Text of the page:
Decisions for funding transport schemes 'that have a significant impact on people’s daily lives' will be taken at a local level, Transport Minister Norman Baker has confirmed today.
Future funding will be allocated locally according to population, allowing priorities to be decided by newly established Local Transport Bodies which will be made up of local transport authorities, local enterprise partnerships (LEPs) and others with a key interest.
Sustrans has cautiously welcomed the move, warning that sustainable transport alternatives including cycling should be considered alongside road-building projects.
Policy Director Jason Torrance said: “We welcome moves that allow communities to play a greater role in deciding local transport spending and infrastructure, but any changes must also reflect the long-term needs of the nation as a whole, including using effective alternatives to expensive and damaging road construction.
“Government needs ensure that low cost and better value options, including walking, cycling and public transport schemes, are considered on a level playing field. There is a risk that local transport schemes will ignore wider priorities, including the need to reduce carbon emissions.”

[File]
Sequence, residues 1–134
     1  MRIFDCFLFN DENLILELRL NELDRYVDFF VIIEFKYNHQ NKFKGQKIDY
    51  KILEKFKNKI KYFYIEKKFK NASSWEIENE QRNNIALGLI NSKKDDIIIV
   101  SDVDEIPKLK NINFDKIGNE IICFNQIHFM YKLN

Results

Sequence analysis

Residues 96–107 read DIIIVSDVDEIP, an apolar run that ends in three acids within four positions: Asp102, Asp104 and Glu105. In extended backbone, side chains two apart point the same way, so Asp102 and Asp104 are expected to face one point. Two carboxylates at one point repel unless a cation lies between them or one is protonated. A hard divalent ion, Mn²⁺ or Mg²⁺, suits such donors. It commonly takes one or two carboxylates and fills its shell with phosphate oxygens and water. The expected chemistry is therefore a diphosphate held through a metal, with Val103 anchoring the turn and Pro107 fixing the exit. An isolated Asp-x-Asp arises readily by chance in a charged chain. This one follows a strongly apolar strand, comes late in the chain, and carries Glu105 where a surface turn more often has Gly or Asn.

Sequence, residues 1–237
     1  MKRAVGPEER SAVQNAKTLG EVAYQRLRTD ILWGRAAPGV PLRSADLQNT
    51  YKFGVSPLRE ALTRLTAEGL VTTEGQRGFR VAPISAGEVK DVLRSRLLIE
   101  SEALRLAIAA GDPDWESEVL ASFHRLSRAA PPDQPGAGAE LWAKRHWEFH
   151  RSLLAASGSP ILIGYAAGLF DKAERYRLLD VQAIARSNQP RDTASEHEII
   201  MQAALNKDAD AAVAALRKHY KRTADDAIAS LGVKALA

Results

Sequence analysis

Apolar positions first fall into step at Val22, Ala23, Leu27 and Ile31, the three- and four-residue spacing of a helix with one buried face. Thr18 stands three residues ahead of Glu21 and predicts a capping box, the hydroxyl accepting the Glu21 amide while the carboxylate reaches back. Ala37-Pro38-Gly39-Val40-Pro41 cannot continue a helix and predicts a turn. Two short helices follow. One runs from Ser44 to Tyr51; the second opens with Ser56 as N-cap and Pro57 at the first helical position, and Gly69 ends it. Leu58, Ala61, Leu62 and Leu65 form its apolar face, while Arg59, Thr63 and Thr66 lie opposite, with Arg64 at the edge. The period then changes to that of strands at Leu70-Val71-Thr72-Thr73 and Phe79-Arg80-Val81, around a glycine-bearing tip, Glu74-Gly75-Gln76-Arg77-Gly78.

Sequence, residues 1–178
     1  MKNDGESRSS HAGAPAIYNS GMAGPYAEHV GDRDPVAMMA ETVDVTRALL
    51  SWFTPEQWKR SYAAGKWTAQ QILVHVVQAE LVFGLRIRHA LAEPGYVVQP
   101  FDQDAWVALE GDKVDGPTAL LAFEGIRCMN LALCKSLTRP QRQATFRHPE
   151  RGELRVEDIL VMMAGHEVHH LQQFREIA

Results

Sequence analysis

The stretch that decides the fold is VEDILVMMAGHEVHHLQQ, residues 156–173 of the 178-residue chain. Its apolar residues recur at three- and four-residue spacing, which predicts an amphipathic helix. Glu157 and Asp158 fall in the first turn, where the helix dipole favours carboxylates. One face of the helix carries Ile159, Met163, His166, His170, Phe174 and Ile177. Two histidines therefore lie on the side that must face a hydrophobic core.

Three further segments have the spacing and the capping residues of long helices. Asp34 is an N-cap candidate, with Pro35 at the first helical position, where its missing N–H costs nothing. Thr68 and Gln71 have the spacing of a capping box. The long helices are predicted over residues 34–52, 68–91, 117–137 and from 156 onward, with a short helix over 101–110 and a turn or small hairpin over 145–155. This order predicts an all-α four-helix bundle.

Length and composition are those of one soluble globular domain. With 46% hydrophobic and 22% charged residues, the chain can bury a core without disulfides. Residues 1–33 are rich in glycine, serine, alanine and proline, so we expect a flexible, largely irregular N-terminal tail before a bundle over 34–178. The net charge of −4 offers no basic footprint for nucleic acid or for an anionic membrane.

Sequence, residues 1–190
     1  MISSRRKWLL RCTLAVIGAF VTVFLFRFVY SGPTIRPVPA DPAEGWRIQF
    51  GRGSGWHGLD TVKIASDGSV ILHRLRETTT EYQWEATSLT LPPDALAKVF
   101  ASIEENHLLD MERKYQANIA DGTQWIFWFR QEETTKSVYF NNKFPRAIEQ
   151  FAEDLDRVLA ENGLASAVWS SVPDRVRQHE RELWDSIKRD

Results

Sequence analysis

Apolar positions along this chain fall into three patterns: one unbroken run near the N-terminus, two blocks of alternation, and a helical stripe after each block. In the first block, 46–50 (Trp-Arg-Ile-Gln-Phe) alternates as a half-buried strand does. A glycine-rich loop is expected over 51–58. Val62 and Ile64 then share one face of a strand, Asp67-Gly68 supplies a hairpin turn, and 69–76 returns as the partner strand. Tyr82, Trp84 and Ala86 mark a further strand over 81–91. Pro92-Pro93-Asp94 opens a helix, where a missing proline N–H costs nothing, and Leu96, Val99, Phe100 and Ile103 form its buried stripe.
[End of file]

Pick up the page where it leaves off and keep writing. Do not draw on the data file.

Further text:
It's not yet clear what the priorities will be for the Local Transport Bodies. In an earlier written statement, Norman Baker wrote:
Transport is vitally important to local economies, and new infrastructure can provide the missing links that are often so crucial in getting economies moving and creating opportunities for new investment and employment...
I fully support the key objective of removing Whitehall from the process of making decisions on which local schemes should or should not go ahead. However we have a responsibility to ensure that the new local decision makers have arrangements in place to achieve the value for money that we know the right schemes can deliver and to take account of other important factors such as environmental impact. Most respondents accepted the need for robust local assurance frameworks and we will shortly publish detailed guidance on this, to enable local areas to submit their draft frameworks by December.
Today he said: “We want decisions on new transport infrastructure to be made more efficiently, and at a more local level than has previously been the case.
“While it is right for the Government to look at the big picture and co-ordinate schemes with a national impact, there is no substitute for local knowledge.
"That is why we want to make sure that important decisions affecting the future of towns and cities across England are made by those who best understand the specific issues facing their communities.”